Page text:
Choosing a veterinarian for your cat is a lot like choosing a doctor for yourself. You want someone with a good bedside manner and someone you like and trust. If you have special needs, you also want a doctor who understands and keeps those needs in mind.
Finding a Vet
If you're a first-time cat owner, have recently moved to a new area, or need to find a new veterinarian, you can just try opening the Yellow Pages to "Animal Hospitals." All veterinarians go to school as many years as medical doctors and have to meet strict standards for licensing, so you're bound to find a competent and professional vet that way. But the relationship among you, your pet, and your vet is going to last for many years, and if you took the time to find just the right cat, it makes sense to find the right vet. This might be the one area where city folk have it over country folk. A small town may just have one vet, while a big city has dozens within several miles.
Besides the Yellow Pages, here are some other sources for finding a good veterinarian:
Contact professional organizations. The American Veterinary Medical Association (www.avma.org) can refer you to affiliated veterinarians in your area, and the American Animal Hospital Association (www.aahanet.org) can direct you to clinics that meet its standards. The AVMA can also help you find feline specialists, behavior experts, veterinary eye doctors, and other professionals. Like any specialist, though, expect to pay heftier fees.
Get recommendations from other "cat people." Friends, family, and neighbors who have cats usually also have veterinarians. Take advantage of their experience, and get recommendations from them.
Look Before You Leap
Once you get a referral for a veterinarian, call up, introduce yourself, and find out when you can drop by to see the facilities and meet the doctors. Make your visit brief but thorough. Be discriminating, but don't be put off if the vet and the clinic staff can't spend a long time with you -- they do have a hospital to run and patients to take care of. If you have a lot of questions and need the vet's undivided attention, the most polite thing to do is make an appointment -- and offer to pay for it.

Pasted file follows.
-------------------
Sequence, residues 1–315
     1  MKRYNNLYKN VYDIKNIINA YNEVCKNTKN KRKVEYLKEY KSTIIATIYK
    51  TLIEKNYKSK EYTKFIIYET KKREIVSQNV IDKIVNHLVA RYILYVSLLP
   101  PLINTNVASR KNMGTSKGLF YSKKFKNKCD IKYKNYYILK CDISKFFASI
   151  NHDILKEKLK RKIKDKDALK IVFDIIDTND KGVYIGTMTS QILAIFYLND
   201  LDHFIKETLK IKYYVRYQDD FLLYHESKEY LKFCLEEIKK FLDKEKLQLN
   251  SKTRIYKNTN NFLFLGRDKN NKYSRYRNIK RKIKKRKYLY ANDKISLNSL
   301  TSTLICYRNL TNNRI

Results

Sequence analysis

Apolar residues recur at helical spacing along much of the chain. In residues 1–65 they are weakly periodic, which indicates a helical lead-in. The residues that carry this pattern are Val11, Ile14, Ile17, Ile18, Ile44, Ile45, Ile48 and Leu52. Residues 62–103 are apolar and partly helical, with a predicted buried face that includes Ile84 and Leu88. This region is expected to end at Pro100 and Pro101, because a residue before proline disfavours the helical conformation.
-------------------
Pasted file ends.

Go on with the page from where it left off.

If you are going to drop by the facility and meet with the vet, here are some items to consider:
- Before you meet with the vet, determine what your needs and wants are in a vet and a veterinary hospital. Whether those needs and wants are affordable prices, the latest medical techniques and equipment, or the vet's "table-side" manner, determining your priorities ahead of time will help build a better client- veterinarian relationship.
- Ask about the practice's hours, the availability of after-hour services, and whether 24-hour-a-day emergency care is provided.
- Ask about the type of services offered, from routine physical exams to surgeries to boarding capabilities, and check the hospital's fees for each service.
- Make sure you feel comfortable with the support staff as well. A friendly, attentive staff reassures you that your pet will get the best care possible.
Feline VaccinationsWhat exactly are vaccinations, and how do they help keep cats healthy? Here's how most vaccines work. Researchers find the germ causing the disease--for example, the virus that causes feline distemper. Next they produce a harmless, noncontagious version of the virus. This form of the virus is used to vaccinate healthy cats. The vaccine triggers the cat's disease-fighting immune system, which attacks and destroys the virus. This exposure "primes" the immune system so that if the same virus shows up again -- even the dangerous, contagious version -- it will be destroyed before it can cause illness.Vaccines protect your cat from common diseases, mostly caused by viruses. When a virus invades an animal's body, no medicine can kill it. You can give a cat with a virus things like antibiotics from now until doomsday, and it won't cure the disease (although the antibiotics will help treat or control infections that might start as a result of the cat's being sick with the virus). Viral diseases just have to run their course, after which the victim is often immune for life. Vaccines (usually with regular booster shots) provide your cat with the benefits of being immune without actually having to suffer through the disease.